Orheiul Vechi

Orheiul Vechi is an archaeological complex located about 35 miles northeast of Chisinau. This valley, shaped by Raut River, is one of the top attractions in Moldova, with a pristine natural landscape featuring huge limestone outcroppings. There are several ancient monuments and buildings set in the valley, from various historical periods dating from the 3rd century AD to the occupation of the Golden Horde in the 14th century. These ancient fortresses and early Christian monasteries are among the most unusual sights in all of Eastern Europe, and a museum at the site provides further information and exhibits.

Orheiul Vechi Monastery Complex is carved into a massive limestone cliff in this wild, rocky, remote spot. The Cave Monastery inside a cliff, overlooking the gently meandering Raut River, was dug by Orthodox monks in the 13th century. It remained inhabited until the 18th century. In the 18th century the cave-church was taken over by villagers from neighbouring Butuceni village. In 1905 they built a church above ground dedicated to the Ascension of St Mary. The church was shut down by the Soviets in 1944 and remained abandoned throughout the communist regime. Services resumed in 1996, though it still looks abandoned. Archaeologists have uncovered remnants of a defence wall surrounding the monastery complex from the 15th century.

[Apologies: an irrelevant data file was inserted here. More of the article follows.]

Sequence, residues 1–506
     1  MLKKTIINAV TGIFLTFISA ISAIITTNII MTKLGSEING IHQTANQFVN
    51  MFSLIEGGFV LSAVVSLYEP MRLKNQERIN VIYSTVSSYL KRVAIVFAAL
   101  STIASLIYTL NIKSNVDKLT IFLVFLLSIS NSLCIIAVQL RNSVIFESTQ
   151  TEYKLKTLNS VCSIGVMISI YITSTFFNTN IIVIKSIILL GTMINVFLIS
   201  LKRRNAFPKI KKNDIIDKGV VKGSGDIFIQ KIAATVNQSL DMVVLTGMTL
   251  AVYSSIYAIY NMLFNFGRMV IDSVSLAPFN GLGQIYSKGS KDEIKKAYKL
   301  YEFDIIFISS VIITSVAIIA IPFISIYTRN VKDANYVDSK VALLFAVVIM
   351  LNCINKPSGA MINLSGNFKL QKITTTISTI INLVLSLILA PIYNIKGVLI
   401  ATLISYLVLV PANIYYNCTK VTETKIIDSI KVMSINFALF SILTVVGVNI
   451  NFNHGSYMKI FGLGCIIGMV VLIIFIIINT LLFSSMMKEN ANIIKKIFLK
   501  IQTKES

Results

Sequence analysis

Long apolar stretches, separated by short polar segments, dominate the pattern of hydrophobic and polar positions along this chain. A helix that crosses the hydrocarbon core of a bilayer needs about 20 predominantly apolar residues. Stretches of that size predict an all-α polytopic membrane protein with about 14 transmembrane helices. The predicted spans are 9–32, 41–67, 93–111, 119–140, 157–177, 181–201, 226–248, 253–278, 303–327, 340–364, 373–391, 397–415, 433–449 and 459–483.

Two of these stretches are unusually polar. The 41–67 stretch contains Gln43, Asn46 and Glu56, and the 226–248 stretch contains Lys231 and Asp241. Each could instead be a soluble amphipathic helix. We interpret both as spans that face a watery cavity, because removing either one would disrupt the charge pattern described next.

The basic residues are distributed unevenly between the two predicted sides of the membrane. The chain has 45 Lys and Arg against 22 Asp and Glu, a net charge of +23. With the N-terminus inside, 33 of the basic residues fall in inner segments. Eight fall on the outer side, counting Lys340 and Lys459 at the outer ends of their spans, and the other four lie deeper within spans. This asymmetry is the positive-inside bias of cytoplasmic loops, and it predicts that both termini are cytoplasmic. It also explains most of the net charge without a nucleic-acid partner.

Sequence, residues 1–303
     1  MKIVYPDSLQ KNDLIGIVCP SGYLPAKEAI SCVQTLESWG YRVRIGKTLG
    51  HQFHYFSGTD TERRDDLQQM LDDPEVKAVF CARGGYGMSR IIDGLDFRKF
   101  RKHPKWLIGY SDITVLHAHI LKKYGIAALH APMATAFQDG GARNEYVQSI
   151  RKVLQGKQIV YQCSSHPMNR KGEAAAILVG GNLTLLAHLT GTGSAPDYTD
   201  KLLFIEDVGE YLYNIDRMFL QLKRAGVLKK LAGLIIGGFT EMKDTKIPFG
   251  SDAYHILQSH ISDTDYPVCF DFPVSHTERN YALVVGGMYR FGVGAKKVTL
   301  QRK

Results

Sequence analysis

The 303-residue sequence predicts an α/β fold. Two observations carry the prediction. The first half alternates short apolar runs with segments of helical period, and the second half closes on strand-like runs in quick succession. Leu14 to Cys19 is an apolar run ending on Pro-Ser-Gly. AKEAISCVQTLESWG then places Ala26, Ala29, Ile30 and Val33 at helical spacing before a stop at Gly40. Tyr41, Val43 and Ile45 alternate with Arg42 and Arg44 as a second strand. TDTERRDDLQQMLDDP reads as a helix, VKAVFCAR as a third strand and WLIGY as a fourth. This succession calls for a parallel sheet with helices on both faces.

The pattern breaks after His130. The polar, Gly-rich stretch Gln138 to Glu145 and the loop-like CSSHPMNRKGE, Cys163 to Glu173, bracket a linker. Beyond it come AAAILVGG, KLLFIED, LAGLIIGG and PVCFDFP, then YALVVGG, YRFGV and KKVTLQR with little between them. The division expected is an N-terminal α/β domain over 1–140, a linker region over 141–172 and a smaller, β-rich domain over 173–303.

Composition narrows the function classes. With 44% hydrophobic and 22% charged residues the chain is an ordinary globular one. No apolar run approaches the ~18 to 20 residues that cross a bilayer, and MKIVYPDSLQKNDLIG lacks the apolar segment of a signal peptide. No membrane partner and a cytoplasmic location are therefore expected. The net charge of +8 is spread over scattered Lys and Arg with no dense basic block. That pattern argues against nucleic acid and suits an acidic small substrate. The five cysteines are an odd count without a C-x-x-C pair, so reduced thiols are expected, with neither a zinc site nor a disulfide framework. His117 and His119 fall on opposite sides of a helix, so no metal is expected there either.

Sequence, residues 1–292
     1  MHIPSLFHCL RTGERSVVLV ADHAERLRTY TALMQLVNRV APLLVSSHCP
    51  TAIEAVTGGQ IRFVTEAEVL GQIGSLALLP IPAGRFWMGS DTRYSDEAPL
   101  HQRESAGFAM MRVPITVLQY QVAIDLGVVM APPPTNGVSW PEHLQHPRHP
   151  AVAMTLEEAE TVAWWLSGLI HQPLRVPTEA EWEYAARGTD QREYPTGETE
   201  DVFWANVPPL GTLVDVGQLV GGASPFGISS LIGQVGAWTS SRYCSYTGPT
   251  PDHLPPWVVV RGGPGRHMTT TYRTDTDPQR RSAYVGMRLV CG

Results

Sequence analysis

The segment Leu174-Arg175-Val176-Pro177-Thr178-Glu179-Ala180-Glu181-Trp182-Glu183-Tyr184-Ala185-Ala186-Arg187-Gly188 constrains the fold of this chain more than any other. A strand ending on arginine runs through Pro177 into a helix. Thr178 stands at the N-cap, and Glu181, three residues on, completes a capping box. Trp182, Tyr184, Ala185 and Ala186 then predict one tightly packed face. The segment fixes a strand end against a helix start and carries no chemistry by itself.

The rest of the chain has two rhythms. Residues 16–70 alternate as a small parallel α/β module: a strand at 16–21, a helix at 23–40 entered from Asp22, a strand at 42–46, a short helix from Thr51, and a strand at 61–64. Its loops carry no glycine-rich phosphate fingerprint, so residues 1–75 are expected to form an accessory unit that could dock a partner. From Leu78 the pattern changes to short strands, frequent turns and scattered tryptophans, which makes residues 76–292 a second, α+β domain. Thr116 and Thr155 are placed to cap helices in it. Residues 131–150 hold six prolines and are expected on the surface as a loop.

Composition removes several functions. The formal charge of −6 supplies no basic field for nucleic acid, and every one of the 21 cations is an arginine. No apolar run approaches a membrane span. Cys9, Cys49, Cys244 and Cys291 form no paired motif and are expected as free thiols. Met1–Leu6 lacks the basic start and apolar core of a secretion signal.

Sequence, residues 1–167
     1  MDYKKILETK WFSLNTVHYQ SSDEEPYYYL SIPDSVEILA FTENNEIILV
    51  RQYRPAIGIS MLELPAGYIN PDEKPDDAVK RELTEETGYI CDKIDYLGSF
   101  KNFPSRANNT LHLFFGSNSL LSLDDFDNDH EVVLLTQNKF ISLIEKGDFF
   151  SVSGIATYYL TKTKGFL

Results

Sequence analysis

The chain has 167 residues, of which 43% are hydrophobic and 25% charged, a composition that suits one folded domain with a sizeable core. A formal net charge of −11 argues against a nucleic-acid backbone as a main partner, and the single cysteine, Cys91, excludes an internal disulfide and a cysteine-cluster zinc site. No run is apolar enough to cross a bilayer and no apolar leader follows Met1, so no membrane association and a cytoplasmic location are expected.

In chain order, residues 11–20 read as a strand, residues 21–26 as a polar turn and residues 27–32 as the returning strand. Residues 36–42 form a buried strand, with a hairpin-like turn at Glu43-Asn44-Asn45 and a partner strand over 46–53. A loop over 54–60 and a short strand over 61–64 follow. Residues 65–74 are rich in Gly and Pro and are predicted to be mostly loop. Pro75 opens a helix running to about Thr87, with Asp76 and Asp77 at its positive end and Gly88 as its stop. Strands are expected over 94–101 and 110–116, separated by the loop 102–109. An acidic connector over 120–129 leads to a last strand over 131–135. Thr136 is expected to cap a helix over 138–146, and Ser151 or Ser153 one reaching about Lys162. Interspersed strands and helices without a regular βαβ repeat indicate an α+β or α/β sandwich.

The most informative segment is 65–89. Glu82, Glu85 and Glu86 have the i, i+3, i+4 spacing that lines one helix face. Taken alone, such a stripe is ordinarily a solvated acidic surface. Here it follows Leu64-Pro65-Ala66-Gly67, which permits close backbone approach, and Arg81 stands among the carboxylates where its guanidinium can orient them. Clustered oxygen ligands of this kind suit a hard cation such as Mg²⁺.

Butuceni village

“Easter for the Dead” holiday
On Sunday and Monday the weekend after Easter, Moldovan Orthodox Christians flock to the cemeteries where their loved ones are buried, usually in their home villages. The family gathered around, eating and drinking together, honoring the memory of those who had passed away, sharing time together as a family.


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